Judge denies sentence reduction for murderer

Lawyers for Patrick McGail cited his age and prison behavior.

A Miami County judge Friday denied a request by lawyers for Patrick McGail of Troy to reduce his sentence before parole consideration for murder and other charges, saying he shows no remorse.

McGail, now 20, was convicted by a Miami County Common Pleas Court jury in August 2014 in the October 2013 death of Nate Wintrow, 20, of Troy during a home invasion. Two other Troy men, including shooter Jason Sowers, 19, pleaded to charges in the case, testified against McGail and are in prison.

Sowers is serving 18 years to life while Brendon Terrel, 21, was sentenced to 14 years. Sowers and McGail went into the house while Terrel did not, according to court testimony.

McGail was sentenced to 24 years to life on charges of murder, aggravated robbery, aggravated burglary and a firearms specification.

McGail’s case was back in court Friday at the order of the 2nd District Court of Appeals. That court ruled in December he should be resentenced by Judge Christopher Gee because two of the charges (murder and aggravated robbery) stemmed from the same act.

New lawyers hired by McGail’s family following the ruling also asked Gee to determine if the six-year sentence ordered for aggravated burglary should be served concurrently or consecutively to his other sentences. If the judge had approved their request for concurrent sentences, McGail’s prison time before parole consideration would have gone from 24 years to life to 18 years to life.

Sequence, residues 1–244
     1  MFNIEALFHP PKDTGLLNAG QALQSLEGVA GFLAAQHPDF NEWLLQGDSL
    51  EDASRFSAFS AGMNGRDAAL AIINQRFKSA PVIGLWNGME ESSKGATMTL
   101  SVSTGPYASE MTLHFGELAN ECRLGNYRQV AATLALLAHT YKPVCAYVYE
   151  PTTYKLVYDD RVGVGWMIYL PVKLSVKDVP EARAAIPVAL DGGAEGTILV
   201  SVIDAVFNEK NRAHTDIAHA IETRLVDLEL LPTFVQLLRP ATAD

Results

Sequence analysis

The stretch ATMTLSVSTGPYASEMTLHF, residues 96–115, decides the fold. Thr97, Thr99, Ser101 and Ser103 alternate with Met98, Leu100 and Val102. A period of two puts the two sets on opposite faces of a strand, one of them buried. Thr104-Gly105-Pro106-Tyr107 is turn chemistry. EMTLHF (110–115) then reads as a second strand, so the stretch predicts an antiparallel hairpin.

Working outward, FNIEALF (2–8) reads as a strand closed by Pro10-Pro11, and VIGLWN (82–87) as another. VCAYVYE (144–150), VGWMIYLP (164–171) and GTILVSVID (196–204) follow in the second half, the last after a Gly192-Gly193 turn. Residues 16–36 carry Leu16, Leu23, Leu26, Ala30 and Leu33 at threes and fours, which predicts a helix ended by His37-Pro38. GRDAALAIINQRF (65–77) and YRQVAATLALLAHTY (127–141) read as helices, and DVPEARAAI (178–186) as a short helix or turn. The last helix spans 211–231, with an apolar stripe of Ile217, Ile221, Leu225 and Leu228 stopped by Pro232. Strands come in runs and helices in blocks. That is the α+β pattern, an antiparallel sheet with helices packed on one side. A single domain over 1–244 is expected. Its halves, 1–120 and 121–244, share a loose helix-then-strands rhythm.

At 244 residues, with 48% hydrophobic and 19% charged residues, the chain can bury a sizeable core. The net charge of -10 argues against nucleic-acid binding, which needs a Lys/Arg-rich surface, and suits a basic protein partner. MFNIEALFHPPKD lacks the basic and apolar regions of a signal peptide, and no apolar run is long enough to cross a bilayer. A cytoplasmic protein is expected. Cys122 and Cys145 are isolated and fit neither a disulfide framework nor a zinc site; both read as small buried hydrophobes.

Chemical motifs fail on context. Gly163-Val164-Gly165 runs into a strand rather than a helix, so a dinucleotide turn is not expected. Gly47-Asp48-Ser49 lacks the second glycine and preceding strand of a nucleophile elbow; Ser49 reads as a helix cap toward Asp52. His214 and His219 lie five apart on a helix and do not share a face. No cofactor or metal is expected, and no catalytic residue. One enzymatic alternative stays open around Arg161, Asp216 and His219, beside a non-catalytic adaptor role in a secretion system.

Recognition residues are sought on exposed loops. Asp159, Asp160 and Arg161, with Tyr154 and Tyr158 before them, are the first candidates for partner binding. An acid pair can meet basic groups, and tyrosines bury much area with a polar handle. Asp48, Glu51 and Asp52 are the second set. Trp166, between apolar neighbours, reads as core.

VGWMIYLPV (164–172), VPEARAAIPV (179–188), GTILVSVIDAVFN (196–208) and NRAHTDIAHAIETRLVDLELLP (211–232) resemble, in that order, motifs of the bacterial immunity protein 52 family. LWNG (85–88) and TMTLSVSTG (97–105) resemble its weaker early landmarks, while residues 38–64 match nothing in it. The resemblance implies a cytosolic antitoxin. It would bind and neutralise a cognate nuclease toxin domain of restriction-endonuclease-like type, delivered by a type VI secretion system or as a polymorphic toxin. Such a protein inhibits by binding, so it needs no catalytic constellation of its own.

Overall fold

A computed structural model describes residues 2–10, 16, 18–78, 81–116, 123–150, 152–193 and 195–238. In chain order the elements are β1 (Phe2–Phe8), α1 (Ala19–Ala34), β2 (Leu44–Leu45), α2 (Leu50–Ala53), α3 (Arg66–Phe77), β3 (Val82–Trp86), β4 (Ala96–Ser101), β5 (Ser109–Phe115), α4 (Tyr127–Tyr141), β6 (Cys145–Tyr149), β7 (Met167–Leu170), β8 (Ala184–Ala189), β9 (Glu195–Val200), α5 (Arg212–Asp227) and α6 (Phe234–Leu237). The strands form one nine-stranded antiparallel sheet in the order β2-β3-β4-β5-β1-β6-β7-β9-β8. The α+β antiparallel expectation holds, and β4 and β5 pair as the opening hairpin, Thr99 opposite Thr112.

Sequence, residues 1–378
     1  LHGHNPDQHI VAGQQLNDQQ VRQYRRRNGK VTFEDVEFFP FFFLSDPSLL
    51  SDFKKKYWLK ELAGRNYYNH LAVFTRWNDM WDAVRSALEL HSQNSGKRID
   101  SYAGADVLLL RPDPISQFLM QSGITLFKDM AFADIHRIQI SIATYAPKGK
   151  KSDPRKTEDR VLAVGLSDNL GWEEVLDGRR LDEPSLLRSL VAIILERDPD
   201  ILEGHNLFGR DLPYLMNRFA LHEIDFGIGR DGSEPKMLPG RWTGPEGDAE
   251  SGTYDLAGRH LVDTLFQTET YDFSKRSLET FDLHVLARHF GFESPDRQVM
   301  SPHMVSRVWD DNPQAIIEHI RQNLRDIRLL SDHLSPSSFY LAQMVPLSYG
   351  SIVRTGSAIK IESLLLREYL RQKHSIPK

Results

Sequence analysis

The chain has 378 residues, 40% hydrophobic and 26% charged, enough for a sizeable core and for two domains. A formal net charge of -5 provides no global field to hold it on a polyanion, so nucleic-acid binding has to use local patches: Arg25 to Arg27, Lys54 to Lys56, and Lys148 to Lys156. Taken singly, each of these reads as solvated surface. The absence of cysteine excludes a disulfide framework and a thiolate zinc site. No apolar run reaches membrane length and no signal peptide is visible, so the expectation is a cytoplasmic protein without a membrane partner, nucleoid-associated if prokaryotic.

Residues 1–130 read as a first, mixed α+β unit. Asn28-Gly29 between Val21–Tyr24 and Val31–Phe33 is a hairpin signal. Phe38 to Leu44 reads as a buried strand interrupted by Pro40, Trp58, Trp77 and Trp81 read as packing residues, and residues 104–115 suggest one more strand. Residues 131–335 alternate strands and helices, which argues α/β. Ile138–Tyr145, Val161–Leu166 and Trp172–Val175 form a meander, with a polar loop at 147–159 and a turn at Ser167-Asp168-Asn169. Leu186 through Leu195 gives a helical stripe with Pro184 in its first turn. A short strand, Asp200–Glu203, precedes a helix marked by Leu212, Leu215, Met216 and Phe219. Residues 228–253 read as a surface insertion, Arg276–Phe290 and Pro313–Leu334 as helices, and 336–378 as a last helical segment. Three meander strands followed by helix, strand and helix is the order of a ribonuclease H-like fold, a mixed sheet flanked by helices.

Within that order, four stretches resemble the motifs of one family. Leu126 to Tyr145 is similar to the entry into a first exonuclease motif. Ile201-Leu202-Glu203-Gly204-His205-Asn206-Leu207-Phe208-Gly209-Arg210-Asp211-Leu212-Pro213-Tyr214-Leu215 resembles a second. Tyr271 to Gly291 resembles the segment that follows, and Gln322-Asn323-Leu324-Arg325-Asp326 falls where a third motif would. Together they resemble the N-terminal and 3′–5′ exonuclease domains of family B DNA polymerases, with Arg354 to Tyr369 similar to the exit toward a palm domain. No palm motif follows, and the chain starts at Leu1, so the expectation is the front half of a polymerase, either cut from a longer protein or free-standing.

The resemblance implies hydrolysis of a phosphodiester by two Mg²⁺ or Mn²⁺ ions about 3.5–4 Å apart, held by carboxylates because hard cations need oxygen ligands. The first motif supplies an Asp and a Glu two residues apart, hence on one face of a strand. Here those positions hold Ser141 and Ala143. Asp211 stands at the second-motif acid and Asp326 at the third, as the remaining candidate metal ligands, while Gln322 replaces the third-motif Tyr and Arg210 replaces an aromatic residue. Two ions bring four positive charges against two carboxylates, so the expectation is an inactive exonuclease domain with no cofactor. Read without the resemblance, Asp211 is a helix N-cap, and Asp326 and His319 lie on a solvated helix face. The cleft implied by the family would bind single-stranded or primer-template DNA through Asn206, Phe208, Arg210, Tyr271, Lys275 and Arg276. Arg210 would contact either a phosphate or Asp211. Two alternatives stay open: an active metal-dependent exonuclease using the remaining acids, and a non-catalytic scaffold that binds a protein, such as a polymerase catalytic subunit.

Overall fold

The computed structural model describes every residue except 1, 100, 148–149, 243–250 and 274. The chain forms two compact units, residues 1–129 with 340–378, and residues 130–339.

Gee heard arguments from McGail lawyers Candace Crouse and Eric Eckes of Cincinnati and special prosecutor Ryan Saunders of Clark County and comments from Wintrow’s parents and fiancé.

McGail declined comment.

Crouse asked Gee to take into consideration McGail’s youth at the time of the crime and his “numerous accomplishments above and beyond the average inmate” since he was sent to the Warren Correctional Institution. She said McGail has worked to better himself and fellow inmates, actions she said demonstrate “his devotion to rehabilitation.”

Eckes asked the judge to consider McGail’s continued claim he was not the one who planned the robbery, as others testified.

Saunders argued against a lesser sentence saying McGail had not admitted to his actions the night of Wintrow’s death, including breaking into the home where not only Wintrow but his fiancé, a friend and a Wintrow’s young son were present.

Wintrow’s parents and fiance’ spoke against any lesser sentence, commenting on the daily impact of the loss of the young man on their lives.

Gee said false testimony by McGail at trial demonstrated a “callus” and “contemptuous attitude.”

He further said McGail was “someone who refuses to accept any responsibility for your criminal conduct.” While efforts at rehabilitation might be commendable, the judge said, “it doesn’t necessarily compel the court to infer … the defendant has been rehabilitated in the absence of any expression of true remorse.”

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